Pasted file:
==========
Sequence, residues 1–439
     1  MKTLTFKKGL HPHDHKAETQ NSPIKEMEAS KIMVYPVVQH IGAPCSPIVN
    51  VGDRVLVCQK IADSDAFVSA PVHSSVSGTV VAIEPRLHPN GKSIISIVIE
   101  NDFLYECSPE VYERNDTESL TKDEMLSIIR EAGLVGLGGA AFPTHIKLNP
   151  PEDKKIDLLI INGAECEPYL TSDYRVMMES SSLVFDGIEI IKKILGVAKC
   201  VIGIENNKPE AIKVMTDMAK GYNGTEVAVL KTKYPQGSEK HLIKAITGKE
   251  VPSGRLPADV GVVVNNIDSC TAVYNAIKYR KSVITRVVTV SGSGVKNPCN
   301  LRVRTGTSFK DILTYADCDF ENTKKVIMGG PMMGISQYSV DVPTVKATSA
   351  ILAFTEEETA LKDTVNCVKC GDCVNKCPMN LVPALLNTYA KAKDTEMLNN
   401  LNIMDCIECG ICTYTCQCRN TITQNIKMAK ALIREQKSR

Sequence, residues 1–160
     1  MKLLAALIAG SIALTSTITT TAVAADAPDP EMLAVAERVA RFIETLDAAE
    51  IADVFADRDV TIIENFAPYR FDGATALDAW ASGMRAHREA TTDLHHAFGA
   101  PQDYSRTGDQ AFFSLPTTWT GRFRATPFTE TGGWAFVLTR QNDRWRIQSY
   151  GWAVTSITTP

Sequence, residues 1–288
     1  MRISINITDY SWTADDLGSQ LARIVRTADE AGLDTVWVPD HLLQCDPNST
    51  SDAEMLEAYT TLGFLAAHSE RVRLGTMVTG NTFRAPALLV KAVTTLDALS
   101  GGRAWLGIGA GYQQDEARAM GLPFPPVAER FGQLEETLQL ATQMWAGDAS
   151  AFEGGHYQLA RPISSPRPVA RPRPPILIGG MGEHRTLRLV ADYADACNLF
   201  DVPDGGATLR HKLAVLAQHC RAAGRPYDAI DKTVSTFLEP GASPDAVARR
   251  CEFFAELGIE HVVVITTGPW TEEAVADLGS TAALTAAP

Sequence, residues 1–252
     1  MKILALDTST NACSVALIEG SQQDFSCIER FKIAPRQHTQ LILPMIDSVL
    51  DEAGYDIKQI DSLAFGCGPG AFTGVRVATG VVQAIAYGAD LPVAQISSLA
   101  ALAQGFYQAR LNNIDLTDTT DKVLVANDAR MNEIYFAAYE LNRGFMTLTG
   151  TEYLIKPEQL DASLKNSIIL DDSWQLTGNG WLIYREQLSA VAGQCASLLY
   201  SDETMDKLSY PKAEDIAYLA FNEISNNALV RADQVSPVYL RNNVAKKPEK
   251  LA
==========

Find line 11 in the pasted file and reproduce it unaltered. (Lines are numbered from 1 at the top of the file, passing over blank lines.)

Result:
Sequence, residues 1–160